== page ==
Thailand approves wider incentives plan for EV sector

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Investors push EV sector on responsible nickel mining


02/21/24
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02/21/24

Investors push EV sector on responsible nickel mining

Singapore, 21 February (Argus) — A group of financial institutions has identified electric vehicle (EV) and battery manufacturers' shortcomings as it pressures for stronger corporate actions to ensure responsible nickel mining. The signatories directed their "expectations" at major EV stakeholders, naming global auto producers Tesla, Toyota, Hyundai Motor and BMW, as well as battery manufacturers BYD, Samsung SDI and Panasonic. The group consists of 29 investors, representing over $1.2 trillion of combined assets. It includes Dutch pension fund PGGM, Indian conglomerate Future Group, Dutch insurance co-operative Achmea and DNB Asset Management that is owned by Norway's DNB bank. "As responsible investors, we are concerned that companies that do not proactively address the social and environmental risks with the appropriate actions put long-term value creation and investment returns at risk," said the signatories on 20 February. They highlighted concerns including deforestation, higher greenhouse gas emissions and conflicts with indigenous peoples and local communities following greater public attention. The statement focused on nickel, among other critical minerals like cobalt and lithium, as nickel has attracted more public attention because of environmental risks associated with its extraction. "The single-largest growth in the demand of nickel in the next two decades is expected to come from the EV industry. However environmental impacts are often overlooked in the downstream mineral supply chain policies of EV battery producers and EV manufacturers," the group said. "Downstream companies have the responsibility to ensure that environmental and social risks are mitigated throughout their nickel supply chains." The signatories laid out three sets of expectations. They expect firms to incorporate responsible sourcing requirements in their nickel supply chains and to exercise their leverage with upstream firms to ensure responsible mining practices. Requirements include a commitment to implement and respect the free, prior and informed consent of indigenous peoples and local communities, as well as "time bound commitment" for net zero smelting and refining processes. They expect enhanced social and environmental due diligence from those stakeholders, with increased impact disclosures. They also expect "time-bound commitments" for deforestation-free nickel supply chains, citing a 2023 report by environmental group the World Wide Fund for Nature that suggested destruction of at least 273km² of forests throughout 2001-19 were caused by nickel extraction, mostly in southeast Asia. "There is no credible pathway to net zero without halting deforestation by commercial actors by 2025," said the signatories. They expect measures by 2025 the latest from those firms to "eliminate" deforestation from their nickel supply chains. Nickel from Indonesia has flooded the market in recent years. It added an estimated 1.17mn t of production during 2021-23, according to Australian bank Macquarie's research arm. Australia's nickel sector has been hit particularly hard this year, as the country scrambles to provide royalty relief and include nickel in its critical minerals list to support its producers. But a green premium on low-carbon battery grade nickel is unlikely to happen , with the Indonesian carbon footprint coming down all the time, said some market participants. By Joseph Ho Send comments and request more information at feedback@argusmedia.com Copyright © 2024. Argus Media group . All rights reserved.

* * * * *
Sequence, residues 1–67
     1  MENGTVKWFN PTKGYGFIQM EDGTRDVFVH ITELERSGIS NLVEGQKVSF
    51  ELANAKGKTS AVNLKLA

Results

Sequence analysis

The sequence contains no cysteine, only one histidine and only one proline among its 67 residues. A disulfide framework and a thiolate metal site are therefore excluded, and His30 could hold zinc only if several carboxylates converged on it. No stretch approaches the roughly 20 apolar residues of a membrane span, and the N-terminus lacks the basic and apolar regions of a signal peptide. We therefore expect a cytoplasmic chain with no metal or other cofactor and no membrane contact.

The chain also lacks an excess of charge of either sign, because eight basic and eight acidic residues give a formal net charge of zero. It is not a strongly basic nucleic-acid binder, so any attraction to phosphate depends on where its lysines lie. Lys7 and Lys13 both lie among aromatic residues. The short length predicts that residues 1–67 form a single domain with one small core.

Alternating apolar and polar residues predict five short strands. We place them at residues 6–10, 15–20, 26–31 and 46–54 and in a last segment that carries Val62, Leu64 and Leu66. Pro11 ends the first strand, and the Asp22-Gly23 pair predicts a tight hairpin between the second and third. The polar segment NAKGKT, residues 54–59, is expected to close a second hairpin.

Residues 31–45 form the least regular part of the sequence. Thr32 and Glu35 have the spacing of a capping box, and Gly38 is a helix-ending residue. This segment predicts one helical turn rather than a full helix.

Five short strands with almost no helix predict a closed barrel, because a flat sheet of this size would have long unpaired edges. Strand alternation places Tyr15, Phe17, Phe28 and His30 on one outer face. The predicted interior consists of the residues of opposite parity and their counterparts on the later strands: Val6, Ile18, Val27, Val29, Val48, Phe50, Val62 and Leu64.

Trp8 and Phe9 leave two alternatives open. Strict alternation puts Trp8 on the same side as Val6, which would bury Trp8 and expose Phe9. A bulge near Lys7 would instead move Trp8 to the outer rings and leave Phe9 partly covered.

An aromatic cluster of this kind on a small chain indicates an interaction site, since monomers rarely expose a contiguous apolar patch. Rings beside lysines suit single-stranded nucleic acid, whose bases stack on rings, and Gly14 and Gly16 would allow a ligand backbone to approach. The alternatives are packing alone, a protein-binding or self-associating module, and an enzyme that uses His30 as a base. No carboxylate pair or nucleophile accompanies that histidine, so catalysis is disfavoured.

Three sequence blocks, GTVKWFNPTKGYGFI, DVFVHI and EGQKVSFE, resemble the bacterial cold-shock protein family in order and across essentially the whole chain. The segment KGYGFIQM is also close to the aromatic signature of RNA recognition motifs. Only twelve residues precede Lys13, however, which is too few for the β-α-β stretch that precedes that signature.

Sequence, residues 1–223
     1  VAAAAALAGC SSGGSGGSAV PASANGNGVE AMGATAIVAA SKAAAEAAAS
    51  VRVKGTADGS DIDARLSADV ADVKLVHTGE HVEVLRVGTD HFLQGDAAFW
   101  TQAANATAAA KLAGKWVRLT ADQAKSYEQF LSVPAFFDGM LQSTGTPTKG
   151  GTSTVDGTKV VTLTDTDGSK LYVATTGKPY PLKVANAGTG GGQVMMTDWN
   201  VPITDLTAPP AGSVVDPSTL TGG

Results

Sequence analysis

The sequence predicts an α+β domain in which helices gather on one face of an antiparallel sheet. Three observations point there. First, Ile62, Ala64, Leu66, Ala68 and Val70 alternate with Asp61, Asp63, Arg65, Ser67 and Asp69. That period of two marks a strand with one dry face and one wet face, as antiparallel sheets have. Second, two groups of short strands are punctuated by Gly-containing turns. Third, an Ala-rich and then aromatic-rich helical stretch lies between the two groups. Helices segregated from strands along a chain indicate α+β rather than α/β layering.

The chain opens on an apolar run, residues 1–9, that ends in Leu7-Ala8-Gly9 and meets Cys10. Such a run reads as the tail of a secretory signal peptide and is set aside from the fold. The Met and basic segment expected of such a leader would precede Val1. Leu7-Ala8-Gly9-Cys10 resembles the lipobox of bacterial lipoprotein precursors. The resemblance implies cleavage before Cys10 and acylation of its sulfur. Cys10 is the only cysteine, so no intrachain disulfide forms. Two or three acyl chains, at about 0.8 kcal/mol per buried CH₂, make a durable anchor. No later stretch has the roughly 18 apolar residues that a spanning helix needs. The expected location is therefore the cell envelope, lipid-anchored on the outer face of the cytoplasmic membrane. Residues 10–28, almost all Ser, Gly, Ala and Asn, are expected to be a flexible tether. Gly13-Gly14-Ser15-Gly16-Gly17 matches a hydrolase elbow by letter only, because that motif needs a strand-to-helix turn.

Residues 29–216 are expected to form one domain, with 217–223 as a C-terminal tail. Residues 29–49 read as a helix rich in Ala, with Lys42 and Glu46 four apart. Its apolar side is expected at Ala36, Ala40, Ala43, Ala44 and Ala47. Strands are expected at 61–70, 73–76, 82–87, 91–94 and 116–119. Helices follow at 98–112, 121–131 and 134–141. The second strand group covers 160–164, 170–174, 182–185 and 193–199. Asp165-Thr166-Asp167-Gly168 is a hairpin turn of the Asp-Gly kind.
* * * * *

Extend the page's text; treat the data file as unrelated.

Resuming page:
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Rio Tinto signs new power deal for Australian aluminium


02/21/24
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02/21/24

Rio Tinto signs new power deal for Australian aluminium